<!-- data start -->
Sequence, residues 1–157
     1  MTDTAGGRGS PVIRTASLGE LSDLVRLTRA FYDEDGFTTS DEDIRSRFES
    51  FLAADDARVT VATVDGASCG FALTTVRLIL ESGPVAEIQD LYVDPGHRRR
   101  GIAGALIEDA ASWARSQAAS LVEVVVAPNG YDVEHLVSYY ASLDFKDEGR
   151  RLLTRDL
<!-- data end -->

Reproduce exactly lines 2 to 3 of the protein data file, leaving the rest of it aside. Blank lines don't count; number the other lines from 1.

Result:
     1  MTDTAGGRGS PVIRTASLGE LSDLVRLTRA FYDEDGFTTS DEDIRSRFES
    51  FLAADDARVT VATVDGASCG FALTTVRLIL ESGPVAEIQD LYVDPGHRRR